by Kevin Burton
Happy 78th birthday to gospel singer Gladys Knight, and all aboard that midnight train!
I think we’ve all taken that midnight train. It’s the one you ride when you are forced to leave cherished dreams behind and build a new life.
The song “Midnight Train To Georgia” hit number one on the Hot 100 for Gladys Knight and the Pips in October 1973. It was written by singer/songwriter Jim Weatherly.
“The song actually came about after a phone call I had with Farrah Fawcett,” Weatherly told SongFacts. Weatherly said he played with Lee Majors in a flag football league in Los Angeles. One day he called Majors and Fawcett answered the phone.
“We were just talking and she said she was packing. She was gonna take the midnight plane to Houston to visit her folks. So it just stayed with me.”
“After I got off the phone I sat down and wrote the song probably in about 30 to 45 minutes. I actually used Farrah and Lee as kind of like characters I guess. A girl that comes to LA to make it and doesn’t make it and leaves to go back home. The guy goes back with her.”
“Pretty simple little story, but it felt real to me,” Weatherly said.
Weatherly knew a little bit about dashed dreams. He had played quarterback at the University of Mississippi, but he didn’t make it into the NFL.
He recorded the song himself under the title Midnight Plane to Houston. About a year later Cissy Houston recorded the song, changing the title to Midnite train to Georgia (misspelling midnight) so that you would not have Houston in the song title and the artist name.
Houston’s version is the one Gladys Knight heard. Knight and the Pips left Motown and signed with Buddah Records around this time.
“The single debuted on the Hot 100 at number 71 and became the group’s first number-one hit eight weeks later when it jumped from number 5 to number 1 on October 27, 1973, It remained in the top position for two weeks,” according to Wikipedia.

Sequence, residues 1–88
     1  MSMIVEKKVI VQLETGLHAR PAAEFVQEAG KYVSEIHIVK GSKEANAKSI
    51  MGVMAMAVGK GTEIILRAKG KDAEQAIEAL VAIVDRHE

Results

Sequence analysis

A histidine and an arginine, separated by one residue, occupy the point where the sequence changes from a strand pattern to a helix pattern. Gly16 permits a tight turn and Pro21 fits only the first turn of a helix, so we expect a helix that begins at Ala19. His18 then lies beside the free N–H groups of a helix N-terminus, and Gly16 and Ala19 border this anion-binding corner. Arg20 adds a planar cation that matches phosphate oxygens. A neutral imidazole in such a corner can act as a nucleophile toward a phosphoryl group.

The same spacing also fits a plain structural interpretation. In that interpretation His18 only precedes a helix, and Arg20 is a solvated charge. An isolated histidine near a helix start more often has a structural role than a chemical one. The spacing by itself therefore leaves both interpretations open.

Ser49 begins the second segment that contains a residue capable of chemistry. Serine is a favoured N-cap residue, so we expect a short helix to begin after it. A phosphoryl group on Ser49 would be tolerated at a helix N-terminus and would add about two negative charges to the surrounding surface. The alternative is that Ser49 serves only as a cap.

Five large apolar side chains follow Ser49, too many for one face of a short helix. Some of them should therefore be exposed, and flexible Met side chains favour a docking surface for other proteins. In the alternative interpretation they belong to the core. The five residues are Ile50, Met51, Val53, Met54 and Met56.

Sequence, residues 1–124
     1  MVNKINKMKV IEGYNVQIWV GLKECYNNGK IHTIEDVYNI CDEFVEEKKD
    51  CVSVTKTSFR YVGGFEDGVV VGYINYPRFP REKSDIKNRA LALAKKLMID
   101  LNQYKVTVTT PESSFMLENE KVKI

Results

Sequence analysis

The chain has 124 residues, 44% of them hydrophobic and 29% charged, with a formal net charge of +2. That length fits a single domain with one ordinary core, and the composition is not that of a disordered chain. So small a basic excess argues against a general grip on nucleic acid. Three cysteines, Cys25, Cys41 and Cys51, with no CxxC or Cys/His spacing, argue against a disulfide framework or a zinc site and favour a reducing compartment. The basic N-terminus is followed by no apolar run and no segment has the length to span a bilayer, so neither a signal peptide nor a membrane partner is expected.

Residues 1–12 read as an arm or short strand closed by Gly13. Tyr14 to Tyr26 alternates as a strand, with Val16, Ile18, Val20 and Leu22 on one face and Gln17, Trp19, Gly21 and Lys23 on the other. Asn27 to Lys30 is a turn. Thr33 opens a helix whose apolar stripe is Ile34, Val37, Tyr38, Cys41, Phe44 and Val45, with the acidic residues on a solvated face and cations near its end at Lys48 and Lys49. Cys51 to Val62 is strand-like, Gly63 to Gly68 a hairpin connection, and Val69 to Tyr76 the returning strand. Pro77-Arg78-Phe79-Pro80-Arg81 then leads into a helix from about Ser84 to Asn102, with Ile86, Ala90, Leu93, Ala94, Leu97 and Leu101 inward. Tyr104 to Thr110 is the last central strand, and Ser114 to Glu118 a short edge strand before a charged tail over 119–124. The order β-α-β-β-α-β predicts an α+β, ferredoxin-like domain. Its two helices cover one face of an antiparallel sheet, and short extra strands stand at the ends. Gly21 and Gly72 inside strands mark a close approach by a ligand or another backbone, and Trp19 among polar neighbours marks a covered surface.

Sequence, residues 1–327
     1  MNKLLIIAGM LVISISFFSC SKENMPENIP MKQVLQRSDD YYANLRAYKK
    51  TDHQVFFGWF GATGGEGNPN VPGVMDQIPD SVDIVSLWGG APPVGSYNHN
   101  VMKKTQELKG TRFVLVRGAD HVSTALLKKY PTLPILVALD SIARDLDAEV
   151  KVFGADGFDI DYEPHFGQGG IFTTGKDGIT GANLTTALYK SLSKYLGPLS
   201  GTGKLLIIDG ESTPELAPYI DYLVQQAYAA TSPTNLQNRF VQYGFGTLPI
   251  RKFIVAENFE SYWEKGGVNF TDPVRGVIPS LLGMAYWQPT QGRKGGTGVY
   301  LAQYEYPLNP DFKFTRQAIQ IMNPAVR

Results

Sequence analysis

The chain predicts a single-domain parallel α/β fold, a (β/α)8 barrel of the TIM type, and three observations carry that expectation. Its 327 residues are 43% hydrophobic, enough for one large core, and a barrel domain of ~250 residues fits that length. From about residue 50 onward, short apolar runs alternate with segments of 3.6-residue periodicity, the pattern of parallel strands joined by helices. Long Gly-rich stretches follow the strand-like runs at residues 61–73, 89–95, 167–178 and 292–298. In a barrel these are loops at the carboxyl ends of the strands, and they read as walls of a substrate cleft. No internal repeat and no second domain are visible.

In her autobiography, Between Each Line of Pain and Glory, Knight wrote that she hoped the song was a comfort to the many thousands who come each year from elsewhere to Los Angeles to realize the dream of being in motion pictures, television or music, but then fail to realize that dream and plunge into despair, according to Wikipedia.
The song is also notable for the robust nature of its background vocals by the Pips, Merald “Bubba” Knight, Eddie Patten and William guest.
Contrast the song with “Where Did Our Love Go,” by the Supremes, in which the background singers sing “baby, baby” over and over again.
The song won the 1974 Grammy for best R&B vocal performance by a duo group or chorus. It was awarded an RIAA Gold single (for selling one million copies) on October 18, 1973. In 1999, it was inducted into the Grammy Hall of fame.
Knight has seven Grammies in all.
The name “Pips” for the background singers was inspired by the nickname of their cousin James “Pip” Woods, according to Wikipedia. But “pip” is also the name for the dots on dice and dominos. That may have played some part in it too. Knight suffered through a gambling addiction that lasted more than ten years, according to Wikipedia wrote.
Gladys Knight and the Pips had a string of eight top 20 hits from 1961 to 1971. That included taking an early version of “I Heard It Through the Grapevine all the way to number 2 in 1967. That song, good as it was, was later eclipsed by the classic Marvin Gaye version.
The group’s best years started in 1973 when “Neither One of Us (Wants to be the First to Say Goodbye) went to number 2. Next came Midnight Train, then “I’ve Got to Use My Imagination” went to number four.
In 1974 “You’re the Best Thing That Ever Happened to Me” hit number 3 and the Curtis Mayfield penned “On And On” went to number 5.
Knight had a solo career after Gladys Knight and the Pips had to dissolve for contractual reasons.
She launched a farewell tour in 2009 but nevertheless has gigged as recently as 2019 in Scotland and England.